Lamb's Lead in PA-18 Likely To Hold

Douglas Heye

Lamb's Lead in PA-18 Likely To Hold

The GOP found that its big corporate tax cut had scant appeal in a district that had voted for Trump by almost 20 points. Saccone could request a recount. But for all the self-absorption from the candidate who spent much of the campaign petitioning CNN to include his picture in its coverage of the race, he does have a point - Democrats and Republicans shouldn't take their monopoly on political power for granted.

Republican officials are alleging voting irregularities in the congressional race, which was too close to call Wednesday with absentee ballots waiting to be counted to determine the victor.

Pennsylvania Republicans, including eight U.S. congressmen, have filed a federal lawsuit challenging the new map.

"I have a strong following in the country and I don't think the Koch brothers should decide who the leader of the Democratic Party is in the House", Pelosi said.

With all precincts reporting, and more than 240,000 ballots cast Tuesday, Democratic candidate Conor Lamb was leading Republican Rick Saccone by 579 votes, or 49.8 per cent to 49.6 per cent.

"Some people have credited me with recruiting some of these veterans to run, and there's a few I did encourage", Moulton said. Because of redistricting, the 18th District will exist in its current form only until the end of the year.

Trump campaigned for Saccone last weekend, urging voters not to "be conned by this guy Lamb".

Saccone, 60, a former Air Force counter-intelligence officer, has described himself as "Trump before Trump was Trump", and in January he led the race by more than 10 percentage points.

Mr Trump himself held a campaign rally for Mr Saccone last weekend.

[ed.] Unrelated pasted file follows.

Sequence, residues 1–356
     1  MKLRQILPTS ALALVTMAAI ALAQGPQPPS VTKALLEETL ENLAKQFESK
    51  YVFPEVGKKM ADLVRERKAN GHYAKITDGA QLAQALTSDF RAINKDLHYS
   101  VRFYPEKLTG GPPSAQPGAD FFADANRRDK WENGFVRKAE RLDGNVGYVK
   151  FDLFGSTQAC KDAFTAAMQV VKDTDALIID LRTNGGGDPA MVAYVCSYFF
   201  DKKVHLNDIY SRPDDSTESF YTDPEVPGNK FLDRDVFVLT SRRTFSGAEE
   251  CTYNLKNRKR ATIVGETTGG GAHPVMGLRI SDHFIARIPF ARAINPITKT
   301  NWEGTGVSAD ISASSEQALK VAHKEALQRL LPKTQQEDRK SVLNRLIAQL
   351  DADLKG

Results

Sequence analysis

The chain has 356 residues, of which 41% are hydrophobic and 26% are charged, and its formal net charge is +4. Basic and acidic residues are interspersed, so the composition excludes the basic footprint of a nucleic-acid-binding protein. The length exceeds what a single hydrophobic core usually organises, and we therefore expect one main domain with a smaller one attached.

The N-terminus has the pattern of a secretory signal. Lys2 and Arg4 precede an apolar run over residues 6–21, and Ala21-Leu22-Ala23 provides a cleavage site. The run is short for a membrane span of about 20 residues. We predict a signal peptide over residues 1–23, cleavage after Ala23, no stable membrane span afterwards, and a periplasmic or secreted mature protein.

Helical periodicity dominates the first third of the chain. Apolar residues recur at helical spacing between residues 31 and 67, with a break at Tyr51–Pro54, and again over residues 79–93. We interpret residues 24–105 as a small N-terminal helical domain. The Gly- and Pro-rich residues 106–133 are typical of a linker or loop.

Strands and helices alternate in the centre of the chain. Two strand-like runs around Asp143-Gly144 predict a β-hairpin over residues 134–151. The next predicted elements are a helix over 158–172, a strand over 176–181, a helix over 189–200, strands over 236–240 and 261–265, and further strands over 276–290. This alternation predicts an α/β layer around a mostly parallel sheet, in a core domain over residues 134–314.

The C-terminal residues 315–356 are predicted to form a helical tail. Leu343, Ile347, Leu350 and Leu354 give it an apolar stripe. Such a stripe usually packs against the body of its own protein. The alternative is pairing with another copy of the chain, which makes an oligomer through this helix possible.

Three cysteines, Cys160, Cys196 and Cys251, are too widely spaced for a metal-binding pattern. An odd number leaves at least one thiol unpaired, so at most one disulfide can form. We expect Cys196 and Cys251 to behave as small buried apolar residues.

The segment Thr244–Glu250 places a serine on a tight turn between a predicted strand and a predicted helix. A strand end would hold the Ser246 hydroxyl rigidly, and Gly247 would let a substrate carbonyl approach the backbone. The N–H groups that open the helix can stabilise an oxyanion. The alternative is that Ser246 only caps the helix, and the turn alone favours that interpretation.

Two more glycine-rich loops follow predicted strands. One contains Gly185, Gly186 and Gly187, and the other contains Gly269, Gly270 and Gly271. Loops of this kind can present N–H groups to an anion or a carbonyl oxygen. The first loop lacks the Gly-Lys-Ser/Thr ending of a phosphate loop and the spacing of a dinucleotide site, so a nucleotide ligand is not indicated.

Rep. Tim Murphy vacated the seat in October after a scandal involving a staffer.

The National Republican Congressional Committee (NRCC), the fundraising arm for House Republicans, is reaching out to Republicans in the district to see if they experienced any problems at their polling locations.

It's too early to make "sweeping predictions" about the 2018 midterm election, Rep. Cathy McMorris Rodgers (R-WA), who chairs the House Republican conference warned reporters at the start of her weekly press conference Wednesday morning.

So frustrating as it may be for Republicans to lose by so narrow a margin, that's where it's headed unless they choose to muddy the waters by claiming some sort of "voter fraud" (the "every legal vote" terminology deployed by the NRCC might hint at that disreputable but hardy option).

The good news for Democrats from both Texas and Pennsylvania is that President Trump has energized the opposition. This left non-college-educated, blue-collar workers asking, "What about us?"

"We believe that life begins at conception, but as a matter of separation of church and state, I think a woman has the right to choose under the law, so I would vote against" a ban on abortion after 20 weeks, Lamb told the Weekly Standard in February.

Republicans, he says, should actually pick up some seats in the Senate, arguing that Democrats running for reelection in states like Wisconsin, West Virginia, Montana, and Missouri "have an uphill climb".

A Lamb win could vindicate a strategy Democrats are using in some races to enlist candidates whose positions and ideologies are well suited to the district even while conflicting in significant ways with the positions of the Democratic leadership in Washington. He has also eschewed the national Democrat brand, saying he would not support House Democratic leader Nancy Pelosi as speaker. By Wednesday evening, he was projected to win as the remaining absentee, provisional and military ballots would not have been enough for Saccone to surpass Lamb.

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